At first a professor of ethics and mathematics at the Univ. of Würzburg, he later became a (1635) professor of physics, mathematics, and Oriental languages at the College of Rome, resigning in 1643 to devote himself to archaeological research. His studies with the microscope led him to the belief, which he was possibly the first to hold, that disease and putrefaction were caused by the presence of invisible living bodies. He also perfected the aeolian harp and wrote a noted book on musicology. His remarkable collection of antiquities became the nucleus of the Museum Kircherianum of the College of Rome. His writings fill 44 folio volumes and include an autobiography.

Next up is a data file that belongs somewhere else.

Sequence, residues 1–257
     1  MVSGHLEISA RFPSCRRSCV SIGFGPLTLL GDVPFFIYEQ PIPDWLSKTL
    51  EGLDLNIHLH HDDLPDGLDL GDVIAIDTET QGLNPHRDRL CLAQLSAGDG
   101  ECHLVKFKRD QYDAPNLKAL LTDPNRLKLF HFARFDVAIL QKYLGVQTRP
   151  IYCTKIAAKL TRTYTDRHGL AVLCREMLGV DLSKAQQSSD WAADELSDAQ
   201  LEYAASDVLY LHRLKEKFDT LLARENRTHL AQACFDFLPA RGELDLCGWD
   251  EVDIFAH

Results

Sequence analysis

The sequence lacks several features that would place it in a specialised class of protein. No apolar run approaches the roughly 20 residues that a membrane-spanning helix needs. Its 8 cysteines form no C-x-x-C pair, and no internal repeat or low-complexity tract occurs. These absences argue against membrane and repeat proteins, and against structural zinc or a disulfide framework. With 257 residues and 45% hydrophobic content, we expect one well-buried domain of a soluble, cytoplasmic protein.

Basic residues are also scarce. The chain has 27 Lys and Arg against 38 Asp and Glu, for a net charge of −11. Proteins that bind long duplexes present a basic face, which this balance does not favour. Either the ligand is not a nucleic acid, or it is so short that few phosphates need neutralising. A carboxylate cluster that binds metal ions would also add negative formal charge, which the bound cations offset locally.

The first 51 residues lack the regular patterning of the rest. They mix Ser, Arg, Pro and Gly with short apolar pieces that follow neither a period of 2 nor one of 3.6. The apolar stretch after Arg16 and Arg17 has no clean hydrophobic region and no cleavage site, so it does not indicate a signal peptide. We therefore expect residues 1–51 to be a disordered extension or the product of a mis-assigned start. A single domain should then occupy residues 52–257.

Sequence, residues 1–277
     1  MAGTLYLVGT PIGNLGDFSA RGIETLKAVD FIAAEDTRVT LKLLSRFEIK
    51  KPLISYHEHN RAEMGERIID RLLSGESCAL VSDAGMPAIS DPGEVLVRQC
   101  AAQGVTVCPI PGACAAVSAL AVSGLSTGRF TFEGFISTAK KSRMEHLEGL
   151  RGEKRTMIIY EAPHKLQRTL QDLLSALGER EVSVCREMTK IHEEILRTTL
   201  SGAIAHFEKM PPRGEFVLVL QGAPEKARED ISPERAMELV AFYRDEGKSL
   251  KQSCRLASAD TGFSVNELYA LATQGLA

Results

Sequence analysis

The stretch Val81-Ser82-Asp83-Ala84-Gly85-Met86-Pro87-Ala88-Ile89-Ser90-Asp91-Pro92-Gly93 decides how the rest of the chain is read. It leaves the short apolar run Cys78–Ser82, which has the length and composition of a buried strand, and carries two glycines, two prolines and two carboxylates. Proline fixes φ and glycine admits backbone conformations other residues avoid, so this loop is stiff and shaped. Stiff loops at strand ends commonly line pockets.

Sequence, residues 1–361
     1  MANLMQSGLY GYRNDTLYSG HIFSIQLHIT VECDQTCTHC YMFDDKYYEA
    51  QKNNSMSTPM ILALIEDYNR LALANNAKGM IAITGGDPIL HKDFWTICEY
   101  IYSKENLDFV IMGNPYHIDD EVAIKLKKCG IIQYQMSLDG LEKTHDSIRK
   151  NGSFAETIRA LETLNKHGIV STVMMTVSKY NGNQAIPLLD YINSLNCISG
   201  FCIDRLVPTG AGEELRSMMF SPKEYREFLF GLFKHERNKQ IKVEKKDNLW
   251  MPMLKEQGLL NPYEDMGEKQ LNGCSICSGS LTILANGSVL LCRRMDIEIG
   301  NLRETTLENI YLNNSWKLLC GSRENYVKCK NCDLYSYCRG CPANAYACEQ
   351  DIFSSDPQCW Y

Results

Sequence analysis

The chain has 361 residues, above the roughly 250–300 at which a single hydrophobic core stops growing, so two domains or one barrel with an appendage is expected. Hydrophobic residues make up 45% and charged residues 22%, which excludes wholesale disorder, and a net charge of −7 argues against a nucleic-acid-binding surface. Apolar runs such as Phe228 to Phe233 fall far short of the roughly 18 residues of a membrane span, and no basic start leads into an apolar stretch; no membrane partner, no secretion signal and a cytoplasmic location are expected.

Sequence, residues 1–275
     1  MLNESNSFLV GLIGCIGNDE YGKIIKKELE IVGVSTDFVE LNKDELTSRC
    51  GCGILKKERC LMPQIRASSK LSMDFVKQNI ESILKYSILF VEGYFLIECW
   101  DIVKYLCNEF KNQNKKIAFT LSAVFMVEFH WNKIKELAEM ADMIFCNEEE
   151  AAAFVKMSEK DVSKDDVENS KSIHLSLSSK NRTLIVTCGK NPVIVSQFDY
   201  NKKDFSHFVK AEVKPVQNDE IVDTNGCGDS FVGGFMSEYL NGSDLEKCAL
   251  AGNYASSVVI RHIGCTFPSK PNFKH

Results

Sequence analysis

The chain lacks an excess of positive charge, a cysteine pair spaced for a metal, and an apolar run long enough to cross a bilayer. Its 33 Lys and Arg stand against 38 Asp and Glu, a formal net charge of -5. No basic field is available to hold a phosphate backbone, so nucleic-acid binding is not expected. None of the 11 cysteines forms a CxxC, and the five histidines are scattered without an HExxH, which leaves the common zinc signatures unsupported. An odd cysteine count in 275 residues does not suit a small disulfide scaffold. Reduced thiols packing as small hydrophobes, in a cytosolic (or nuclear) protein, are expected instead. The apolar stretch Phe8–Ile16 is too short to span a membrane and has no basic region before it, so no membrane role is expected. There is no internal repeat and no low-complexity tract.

See biography by J. Glassie (2012); studies by P. C. Reilly (1974), J. Godwin (1979), and D. Stolzenberg (2013).
The Columbia Electronic Encyclopedia, 6th ed. Copyright © 2012, Columbia University Press. All rights reserved.
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